The Mason City Globe-Gazette from Mason City, Iowa on March 17, 1936 · Page 14
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March 17, 1936

The Mason City Globe-Gazette from Mason City, Iowa · Page 14

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Mason City, Iowa
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Tuesday, March 17, 1936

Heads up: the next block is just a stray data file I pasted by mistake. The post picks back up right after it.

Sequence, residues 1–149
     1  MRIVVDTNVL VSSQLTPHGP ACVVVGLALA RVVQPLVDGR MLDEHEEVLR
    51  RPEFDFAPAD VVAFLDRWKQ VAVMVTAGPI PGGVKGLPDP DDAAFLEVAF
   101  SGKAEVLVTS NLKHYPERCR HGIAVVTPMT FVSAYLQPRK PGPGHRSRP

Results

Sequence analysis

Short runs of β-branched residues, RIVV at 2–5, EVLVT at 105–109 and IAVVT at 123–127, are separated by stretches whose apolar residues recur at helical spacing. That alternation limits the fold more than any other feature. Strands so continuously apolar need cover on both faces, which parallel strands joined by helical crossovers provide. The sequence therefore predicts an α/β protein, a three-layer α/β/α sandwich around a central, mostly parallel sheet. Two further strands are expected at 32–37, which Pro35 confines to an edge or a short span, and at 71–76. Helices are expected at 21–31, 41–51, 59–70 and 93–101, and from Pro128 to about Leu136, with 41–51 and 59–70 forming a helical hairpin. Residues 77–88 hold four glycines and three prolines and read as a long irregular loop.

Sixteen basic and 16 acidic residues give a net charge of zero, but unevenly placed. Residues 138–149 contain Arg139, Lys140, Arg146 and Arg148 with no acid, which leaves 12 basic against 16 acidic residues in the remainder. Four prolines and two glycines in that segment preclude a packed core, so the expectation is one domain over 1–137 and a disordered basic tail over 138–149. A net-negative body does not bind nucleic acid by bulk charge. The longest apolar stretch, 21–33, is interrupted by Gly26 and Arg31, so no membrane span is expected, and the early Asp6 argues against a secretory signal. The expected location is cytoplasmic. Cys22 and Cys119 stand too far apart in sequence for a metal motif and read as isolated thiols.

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^ FOURTEEN MASON CITY GLOBE-GAZETTE, MARCH 17 193B Mason City's Calendar March 17---Cerro Gordo County Young Democrats dance at the Denison clubhouse. March 17, IS, 19 and 20--Mason City Globe-Gazette's annual free cooking school at high school auditorium. March 20--Annual stag party of Clausen-Worden post of the Legion at annory. March 21--Special membership meeting of U. C. T., Hotel Hanford, 4 p. m. March 30-31--High school operetta, "The Prince of Pilsen," high school auditorium, 8:15 p. m- April 1-4--Tenth annual Kiwanis- Y. M. C. A. hobby show for boys at Y. M. C. A. March H.--Special U. C. T. membership campaign meeting, Hotel Eadmar, 7:30 p. m. April 14-16--Mason City building "and home furnishing show high school gymnasium. at Here In Mason City Civic oroh. rehearsal Tues, 7:30. Bent our waxers and floor sanding machine. We'll deliver. R. S. Shepherd Wallpaper. Ph. 1362. Mrs. J. J. McGraw and daughters, Phyllis and Audrey Jean, 7 Seventh street northwest, have returned from Mitchell, S. Dak., after visiting with Mrs. McGraw's mother, Mrs. C. Kelley. I will not be responsible for the condition of your hands, walls or woodwork if you don't use genuine Speedex--the quick, easy, harmless cleaner. M. C. Hdwe. Tovvnsend club No. 2 will meet at the Y. W. C.- A. Wednesday evening at 7:30 o'clock to make arrangements for a mass meeting to be held Sunday afternoon at the Labor hal Drs. B. J. and Lucy Garner chiropractic and electric treatment 809 N. Federal. Boe Thompson was the speaker a a joint session of the Northwood and Manly Masonic lodges at North wood Monday evening. The meeting was similar to sessions held through out the state. Heat with Gas! Install burner now. No money down--pay like rent --beginning next fall. Peoples Gas Elec. Co. BAGLEY RE-ELECTED PRESIDENT OF SCHOOL BOARD POLITICAL ANNOUNCEMENT I hereby announce my candidacy for the republican nomination for representative in congress from the fourth Iowa district subject to the will of the voters in the June primary election. . CHARLES H. GELO. POLITICAL ANNOUNCEMENT I hereby announce my candidacy !QI the republican nomination 'or Cerro Gordo county supervisor from the third district subject to the.'will of the voters in the June primary election. W. D. GIBSON, Rockwell. Officers Re-Elected by Farms Oil Company H. J. Brown was re-elected president of the Farmers Co-Operative Gas and Oil company at the annual meeting of the organization at the P. G. 'and E. auditorium Saturday afternoon. Other officers and directors were re-elected as follows: Jim Rooney, Dougherty, vice president; John Ashland, Clear Lake, secretary; CM. Schumacher, Thornton, treasurer, and Hans Hendrickson, Mr. Ashland and John Jenkins, members of the board. A talk was given by Francis Johnson, president of the Iowa Farm .Bureau federation. BONDS SALE FOR REFUNDING ISSUE TO BE HELD SOON Will Complete Retiremen of $250,000 Spent to Build High School. Mason City's school board, in it organization meeting Monday after noon, re-elected W. G. C. Bagley an B. A. Webster as president and vie president, respectively, and re elected the personnel of the stanc ing committees with -Garfield -E Breeese, a new member, replacin; John C. Shipley, retiring director. Allan F. Beck, re-elected .as treas urer. and Mr. Breese and Mr. Web ster, who was re-elected as a direc tor, took the oath of office, admin istered by President Bagley. Mr. Shipley expressed his appre ciation of the six years of pleasan association with the group. Will Refund Bonds. Most important in the regular or der of busines was the announce ment of a $40,000 issue of refundin, bonds which will be sold by th school district before May 1. Proceeds of these bonds will b used to retire an issue of a similar amount made 20 years ago t finance the purchase of the sit upon which the high school wa erected. The latter issue will ma ture May 1. On the same date, the distric will complete the retirement of : 5250,000 bond issue through whic: the high school building was fi nanced, R. L. James, secretary o the board stated. The 540,000 issue which is to b refunded bore four and one half pe cent interest, while the refundini issue will bear less than 2 per ceni Secretary James said. On Serial Basis. The refunding issue is to be madi on a serial basis, insuring retire ment of a certain amount of the issue each year. The board adjourned Monday's meeting to next Monday afternoon, in order to allow proper resolutions to be prepared preliminary to announcing the sale. Before adjournment, the board voted to provide Slop toward the purchase of an amplifier and elec- irical loudspeaker which will be used at all athletic contests, both at the stadium and the gymnasium, for dramatic work and instruction and otter useful purposes. Authorization was given W. B. Pedelty, chairman of the buildings committee, to go to Minneapolis in order to inspect some new boiler equipment for the Garfield school * 'Uilding. Committees Are Listed. .Standing committees as organized re: Teachers: B. A. Webster, chairman; Garfield B. Breese and R. E. Wiley. Grounds: R. E. Robertson, chairman; W. B. Pedelty and F. C. Goodman. Finance: F. C. Goodman, chairman; B. A. Webster and Garfield E. Breese. Buildings: W. B. Pedelty, chairman: R. E. Robertson and F. C. Goodman. Equipment, textbooks and supHies: Garfield B. Breese, chairman; W. B. Pedelty and R. E. Wiley. High school activities: R. E. Candidate for Representative. IOWA FALLS--George Kramer a leader in Farmer-Labor activities announced his candidacy for a seat in the Iowa, house of representatives from Hardin county. Wiley, chairman; B. A. Webster and R. B. Robertsoon. BALD-NO-MORE GROWS HAIR Stoos falling hair, dandruff, itching scalp and overcomes dry scalp and hair. A trial will convince you. Sold by Huxtable Drug Company 116 South Federal Phone 921 Many who s o f t e r from rectal t ro ubles w o u l d quickly seek relief if they but knew or were familiar with modem rectal office methods. Modern rectal office practice cuts the cost, does not cause confinement, is painless, efficient and satisfactory. Dr, R. W. Shultz, D. 0. 218-219-220 First National Bank Building Authorized Service Genuine Carter and Stromberg Parts Battery and Electric Service 110 S. Delaware FhRne 313 Funeral Rites for Nellie Long Held Funeral services for Nellie Long, 66, who died at her home, 1422 North Federal avenue Thursday evening, were held at the McAuley funeral home Monday afternoon, tvith the Rev. C. E. Flynn, pastor of the First M. E. church in charge of services. Burial was'at Elmwood cemetery. Miss Ruth Stevens sang "Jesus Lover of My Soul" and "Sun of My Soul." Pallbearers were Carl Parker, Prank Sheffler, Don Fitzpatrick and Dr. H. H. Jennings. Iowa Woman Dies in Automobile Accident DURANT, (-W--Mrs. Whilma Woltmann, 37, of Durant, was crushed to death against the steering wheel of her automobile Tuesday when the car left the highway at a curve near here, plunged into a ditch and overturned. FINED S10, COSTS Virgil Crowe, 210'/ 2 South Federal avenue, was fined $10 and costs Tuesday by Police Judge Morris Laird on a charge of disorderly condiKt. Crowe was arrested about 10:50 o'clock at his room. CAKS COLLIDE A car driven by Robert Benson, 1312 North Federal avenue, collided with a car driven by W. Twining, of the Knee-Hi bottling company, at the Intersection of Seventh street and North Federal' avenue at 8:40 o'clock Monday evening. Both cars were damaged. Concert to Be Wednesday. DT3MONT--A musical program, under the direction of Mrs. Franz tisenberg'er, music teacher, and V. Leach. Waterloo, band direc- .or, will be given Wednesday evening at the school gymnasium, fourteen numbers which are ready "or entry in the district music contest to be held at Wavcrly this Friday and Saturday will be given. Gelo Seeking Republican Nomination for Congress Becomes Candidate for Fourth District Representative. Charles H. Gelo, who 43 years ago joined with Rec Stanbery in the launching of the Morning Globe, now the Globe-Gazette, and at present district manager of the Modern Woodmen of America, Tuesday announced his candidacy for the republican nomination for representative in congress from the fourth Iowa district. "In asking the support of the electors of the 12 northeastern Iowa counties which- constitute this district I feel the need of making at least a summarized statement at this time of my reasons for thia ambition as well as plans and policies in the event that I am chosen for this task," Mr. Gelo pointed out in a statement of his announcement. For Square Deal. "To those who have known these many years and of my modest political activities while I resided in this district and the several years in Des Moines, it is hardly necessary to state that 1 am seeking this honor and likewise responsibility as a republican. T. am however determined to serve all the people of the district, state and nation on an absolutely square deal basis since I am not now and never was prejudiced against persons · because of creed, color, nationality or political affiliation. "I have however been a lifelong adherent to the principles of the republican party and been a working member in the ranks without ever having aspired to office of any kind for myself. I am profoundly impressed with the magnitude of th' task confronting us in an endeavo to check the chaos existing in ou: governmental affairs at this timi and it is this full conception of an appalling situation which inspires my candidacy for this, at all times most important post. I just crave a desire to be of service to our people at this seemingly opportune time. Is Stealthy Perversion. "It is my candid belief that the present so-called 'new deal,' a stealthy perversion of real demo- ratic tenets adopted by our pres- nt national administration, to hield its multiple demagogism, has o completely involved itself with impractical and hugely expensive olicies which our sane responsible itizenship will no longer tolerate. "The falacious- impositions of the resent controlling elements in .our ational affairs seem extremely, dan- erous to the future of our people. is obvious that' uur heretofore raditionally responsible govern- ent has been dragged into an al- ost irretrievable abyss of finan- al despair. Therefore it is imper- tive that the succeed'ng adm'inis- ration will rid itself posthaste of 11 the present conglomerate ele- ients, with their alien tendencies .nd restore sane and stable meth- ds in our government. Stability Needed. j --Pholo by Lock CHARLES H. GELO "This done we can again hope or stability in our agricultural, ommercial and industrial labor re- ations. Thus we should attain a osition to accord a. much needed quare deal even if not so 'new' to all our varied national needs on an ·quitable basis. "Under this head now that our oldier boys have been begrudgingly ·ranted their insignificant bonus hey will before long be entitled to espectable pensions. Furthermore, deem of first importance that a lending provision be expedited hrough the congress to provide for he extension of farm mortgages n long time payment and low in- erest basis, about.as now provided hrough Reconstruction Finance orporation for financially weak or mpaired banks, insurance compan- es and varied industrial interests. Then another major need in our ocial security aims should be a much more substantial assistance to ur needy aged than the ridiculously jaltry provision in- the much bally- coed new social security act. rrankly I am of the firm belief that .he last named legislation also falls ar short of providing judiciously in matter of unemployment and Id age benefits. It is generally «med but a mere gesture as com- ared to the real needs of the great esrving multitude of workers it eeks to benefit. Opportunity Will Return. "I am convinced that when we re- ain our hoped for composure in administration circles and the now ominating malicious and un-Amer- can regimentation of groups and lasses, administered by unruly and rasping hordes of bureaucrats, in many instances even lawless, elim- nated or at least reduced to a rea- onably tranquil basis, opportunity o all for self help will return. "Our only hope for regaining our cneral prosperity as I see it lies ·ith full restoration of our inherent rivilege and opportunity of indi- idual endeavor, alike to those who ave and those who have not, a aditional heritage which will not ield, with any degree of perman- ncy, to even the wily whims of the reird 'brain trust' new dealer. 'Under the fantastic but nice ounding cry of 'emergency' the eaters' reach deep into the U. S. jeasury for generous rewards to he legion of new functionaries, in eality political agents of the new :al. Reaches Into Pockets. "Seemingly entirely unconcerned bout anything except its own pcr- etuation in power and office the ipst hopelessly unbalanced budget, ·hich means complete national fi- ancial disaster in due time, is just being bridged periodically by more borrowing by issuing more bonds 01 reaching into the pockets of every one they can find who still has a few dollars in his pockets. "The continuing serious unem ployment situation and disparity be tween agriculture and industry favorable to the latter, due in par to maladjustment of controlling tariff schedules, does not seem to give the dealers much serious con cern. They also seem entirely indif ferent to the need of higher wage scales for workers as comrnodit; prices or living costs are advanced Is Effective Vehicle. "Obviously the prolonging o* chaotic conditions in business and helpless distress among the masses furnihes an effective vehicle to prey upon the unfortunate since they al have votes and as Mr. Farley, the master spoilsman among the dealers, would say nobody would be expected to shoot at Santa Glaus. "In this connection I might say that our adjoining congressional districts, the third located south of us and the eighth located west, are now represented by republicans. John W. Gwynne of Waterloo and Fred C. Gilchrist of Laurens. Our district, the fourth, has likewise been represented by republicans covering the past 50 years with the exception of a two year term 18911893 by the spectacular Walt H.' 'Pansy Blossom" Butler and now since "1933 by Fred Biermann of Decorah, a pronounced new dealer. "Most of His Life. am now and have for the past six years acted as district manager or Modern Woodmen of America. I ave resided in Mason City the rcater part of my life and about 0 years in Des Moines and Du- uque. I came to Allamakee county vhen a young child from Germany, vorked at home there on the farm nd attended country schools until entered Valparaiso, Ind., univer- ity. 'After there I entered the journalistic finishing my schooling field, first in St. Paul and Minneapolis. It was while engaged on the various Twin City newspapers that I came to Mason City on occasions and met and married Mrs. Gelo here, and 43 years ago J joined with the late Rec Stanbery, then my neighbor here, in launching the Morning Globe now the Globe-Gazette. The original name Globe was borrowed from the old Daily Globe of St. Paul, Minn,, because of my connection with the latter. "After a few years of local news- papering in Mason City covering the early struggles of the Daily Globe when the town was comparatively small I again embarked in newspaper work in Chicago and Des Moines covering many years service. During most of this period I maintained my residence in Mason City, except for a 10 year period in Des Moines and some years of general traveling in the east in connection with my Modern Woodmen work." 300 Persons Hear Patterson Organ at Informal Concert About 300 persons visited the Patterson funeral home Sunday afternoon and listened to the informal concert presented by several of the outstanding organists of the city on the newly installed pipe organ at the home. Musicians who were on the program, were Miss Ruth Stevens, Mrs. Wallace Allen. Mrs. Bertha Patchen, Mrs. Elsie Ramsey, all of Mason City, and Earl Stewart, formerly of Mason City, who is now a resident of Charles City. Mrs. Patchen and Mrs. Allen prepared special music for the occasion. Friends of Mr. and Mrs. Leo Patterson sent several floral offerings for the afternoon concert, which was the' first time the organ has been played for the public. MRS. MEURS ASKS $20,000 DAMAGE FROM EXPLOSION Alleges Wreckage of House and Injuries Due to Escaping Gas. Mrs. Elizabeth Meurs, who was thrown from a bedroom on the second floor to the ground" when her home at 18 Twelfth street southeast, was wrecked in an explosion on March 21. 1935. Tuesday filcc two actions for a total of $20.000 against the People's Gas and Electric company. Mrs. Meurs, whose petitions were filed by Dunn and Mason and Sen- r.eff. Bliss and Senneff, asks $15,000 alleged personal injuries' received in the fall, and $5,000 as payment for the house which was destroyed in the explosion. The plaintiff alleges that her knees were abraised and her scalp torn, that she was confined to the hospital from the date of the explosion to April 9, 1935, and that she was incapacitated up to June 29. of that year. The claim of the defendant is that the explosion was caused from gas escaping from "pipes and equipment owned, supervised and controlled by the defendant company" and not from pipes and apparatus on the consumer's side of the meter. J. C. DEENY RITES TO BE AT CHURCH Funeral Services for Local Carpenter to Be Held Wednesday. Solemn requiem high mass will be sung for James C. Deeny, 70, who died at a local hospital Monday morning following an illness, by the . Bernard J. Deeny, Denison, Texas, at the St. Joseph's Catholic church Wednesday morning at 9:30 o'clock. Burial will be at St. Joseph's Catholic cemetery. Mr. Deeny was born Oct. 17, 1865, at Waukon and was the oldest son f Hugh'and Anna Deeny. When 9 fears of age he moved with his par- :nts to Jackson Junction. On Nov. 13, 1892, he was married to Mary ane McMahon at St. Rose's parish near Lawler and lived on a farm lear Jackson Junction until 1902. They then moved to Clear Lake, Minn., where they resided four fears, and in March, 1906, moved to ilason City where Mr. Deeny had esided until his death. For many years he had been a arpenter and contractor and was past secretary of the local Car- enters' union and the Mason City 'rades and Labor assembly and was 3. member of the Security Benefit association. He was also a member f the St. Joseph's Catholic church. Surviving Mr. Deeny are his wife and five daughters, Zella and Mrs. tfarjorie Bader, Seattle, Wash.; Velma, Gertrude and Mrs. Helen ·Jelly, and one son, B. Oliver and ive grandchildren, all of Mason City. Two sisters. Mrs. Mary Shekleton, Lawler, and Mrs. James Srannon, Waucoma, and seven brothers, the Rev. B. J. Deeny, Denson, Texas; Martin, Perry; Edward, tfason City; Tom, Tracy, Minn.; ,eo, St. Paul; Joseph, and Frank, Waucoma, also survive. The rosary will be said at the home, 224 Fifth street southeast, at o'clock Tuesday evening. Charles Skellmger Services Held Here Funeral services for Charles B. Skellinger, 75, who died at his home, 427 Massachusetts avenue northeast, Friday following a stroke, were held at the Randall funeral iome Monday afternoon, with the David L. Kratz, pastor of the Church of Christ, in charge of serv- ces. Burial was at Elmwood cemetery. Seymour Angel sang "Jesus Lover of My Soul" and "Beautiful Isle if Somewhere." He was accompan- ed by Mrs. Wallace Allen. Attending the services were the William B. Skellinger family, Lake Mills, Mr. and Mrs. J. A. Walz, Glen Haven, Wis., Mrs. L. Contell, Randolph, Minn., and Mr. and Mrs. John HodenfieW of Clear Lake. ·Pallbearers were Charles Mellang, Harry L. Brown, Frank Miller. Charles Kent, Herman Eggers and Frank Beck. W. D. Gibson Candidate for County Supervisor To Seek Nomination on G. 0. P. Ticket in June. W. D. Gibson, Rockwell, Tuesday announced he would be a candidate for the republican nomination for Cerro Gordo county supervisor from the third district. Mr. Gibson had served on the board of supervisors several years when he was nosed out of the republican nomination for the office by Harry Sondergaard. Thornton, two years ago. Thus far Mr. Gibson is the only candidate in the field to legain hifl former office. A resident of the county since 3880, Mr. Gibson has been identified with a number of civic enterprises. He was for more than a decade a member of the board of directors of the North Iowa Fair association and is now serving his second term as president of that organization. Born in Pennsylvania, Mr. Gibson ^ came with his father when a smal boy to Franklin county and when he was 7 years old the family moved to Bath township, Cerro Gordo county Later he entered into the stock buying business, in which he was engaged for many years. --Phol« by W. D. GIBSON Roe Thompson Speaks to Northwood Masons NORTHWOOD--Atty. Roe Thompson of Mason City was the main speaker at a joint meeting of the Northwood and Manly Masonic bodies Monday-evening. His address was on "Constitutional Government." This meeting was one of a series held in the state of Iowa Monday evening at. the request of the Grand Master of Masons in Iowa. Mrs. Lillian Klitsch Files Divorce Action Mrs. Lillian Klitsch Tuesday filed an action for divorC'" in the district court, asking separation from Hugh Klitsch on the grounds of cruelty. Mrs. Klitsch, who also asked the return of her maiden name, stated in her petition that they were married at Clear Lake Aug. 8, 1931, and lived together until Feb. 24, 1936. DIXIE BLOCK COAL $6.50 Per Too Exclusive but NOT Expensive. Call us for prices o! other Coal. Dixie Block Coal Co. Phone 715 526 Second St. N. W. ZENOR IS USED CAR MANAGER Former Des Moines Man Head of Department of S. and R. Chevrolet. Ralph Zenor of Des Moines is the new used car sales manager at the S. and R. Chevrolet garage, it was announced Tuesday. Mr. Zenor, who is already at work in his new position, has had more than 10 years of experience in the automobile field. The new manager was born at Boone. He attended grade and high school there and following his school days was for 8 years in the hardware business at Boone. He then entered the automobile jusiness at Des Moines and was for 10 years connected with the O'Dea ;arage there. For the past year he was a partner in the Manning-McComb garage but sold out his interest in the firm the first of this year. He became a member of the local Chevrolet garage personnel a few days ago. Mr.- Zenor was married four years ago and he and Mrs. Zenor have made their residence in the city at 309 Taylor avenue southwest. The garageman is an ardent devotee of .rapshooting and also likes to travel, particularly in the western part of the country. jang of Slingshot Experts Rounded Up for Juvenile Court Four boys were turned over to juvenile court Tuesday by police upon admitting they broke lights in the southeast part of the city with slingshots. The boys admitted breaking cab lights in five "dead" engines at the Milwaukee yards, 18 window lights at the M. and St. L. scalehouse, 15 street lights, six boulevard lights on Second street southeast and all the lights on the footbridge over Willow creek. Chief of Police Harold Wolfe pointed out that the city had an ordinance against the use of slingshots, bee-bee guns and toy articles of this description within the city 'imits. PEOPLE . . . who have rested Fireside Fuels over a period of years find them to be the most economical in the long run and by far the most satisfactory. FIRESIDE FUEL CO. Phone 888 CtttenH. Rupture SUFFERERS TOO CAN WORK O R ' i n A Y .Ifl S-AfEIY W I T H T H E I E W A K R O N AT THE HOSPITALS IptALFORSUMMER WEAR. WqteProol ·- (jiMngiiliig. biilgti - no polls to .wtor i bdek. Swim, fide of f South Federal Avcnun PHONE an Mrs. Selena Miller, 138 Twenty- fifth street southwest, was admitted to the Park hospital Monday for treatment. Mrs. Richard .T. von Berg; 228 West State street, was admitted to the Mercy hospital Tuesdav for treatment. Raymond NicherSon. Clear Lake was dismissed from the Park hospital Monday following a minor opera- Walter Drake. Ciystal Lake, was admitted to the Mercy hospital Tuesday for a minor operation. A son weighing 8 pounds 5 ounces was born to Mr. and Mrs. Sidney Snell, 208 Adams Building. Monday at the Park hospital. Carl M. Barney, Clear Lake was admitted to the Mercy hospital Tuesday for treatment. Mrs. Louise Sunning, 31 i j ph-st street southeast, was admitted to the Mercy hospital Tuesday for a major operation. Mrs. William Bartick, Britt was dismissed from the Mercy hospital Tuesday following a major opera- REVENUE OFFICE RUSHED ON LAST DAYS FOR PAYING Monday Night Deadline for Filing of Federal Income Tax. The deadline Monday night on the filing of internal revenue reports marked the close of the most rushing period of ]0 days the locnl offices of the, department in the federal building here has had for several years. Internal revenue representatives stationed here were particularly' rushed the last three or four days, when persons required to pay federal income tax or at least make reports flocked to the offices in large numbers. Midnight Monday niffbt marked the deadline for the filing of reports. Anything received in the mail postmarked' before the midnight hour is regarded as conforming with the statute. Car, Truck Collide Traveling in Same Direction on No. 18 A car driven by Marshall Hen, 112 Fifth street northwest, collided with a service truck of the Chevrolet company driven by Joe Johnson, Sunday on Highway IS five miles west of Mason City. Both the truck and the car were traveling the same, way, the truck being struck from the rear. Cars driven by Clarence Faust. Kanawha. and D. I. Stewart, 23 Fourteenth street northeast, collided in front of Mr. Stewart's home as he was parking his car. FUSE IN BIRD'S NEST Firemen extinguished a small roof fire at the home of William Spillet, 818 Jaekson avenue southwest, at 8:24 o'clock Monday morning. The fire started in a bird's nest. The bird's nest was gutted but little damage was reported at the home. Interurban Schedule MASON CITY AND CLEAR LAKE RAILROAD CO. Leave 6: 7: 9: 10 12: 2: 4: 5: 6: 7: 9: 1 1 : Mason City 15 a. m.' 35 a. m. :05 a. m. ;55 a. m. :35 p. m. :25 P . :05 p. :05 p. m.* :05 p. m. :55 p. m. :35 p. m. 10 p. m. m. m. Leave Clear Lake 5:35 a. m." 7.00 a. m. 8:10 a. m. 10:05 a. m. 11:45 o. m. 1:35 p. m. 3:10 p. m. 5:05 p. m. 6:05 p. m." 7:05 p, 8:35 p 10:35 p. m. m. m. * Except Sunday FREIGHT TRAINS 7:50 a. m. 1:50 p. m. 6:30 a. rn. 11:00 q. m. PORK CUTLETS No. 1 Full Cream CHEESE, Ib No. 1 Full Cream BRICK CHEESE, Ib. Tender Corn Fed Sardines Tomafo ' Mustord ' 0il 1 Sauce, Uge. Oval Cans T-STEAKS, pound .... BEEF BOIL, pound .... 100% PURE LARD . Ik. lie FILLETTS OF MACKEREL, Ib ISc FRESH H E R R I N G , Ib. MUTTON CHOPS, STEAK, Ib... MUTTON ROAST, Ib.. m I ^ t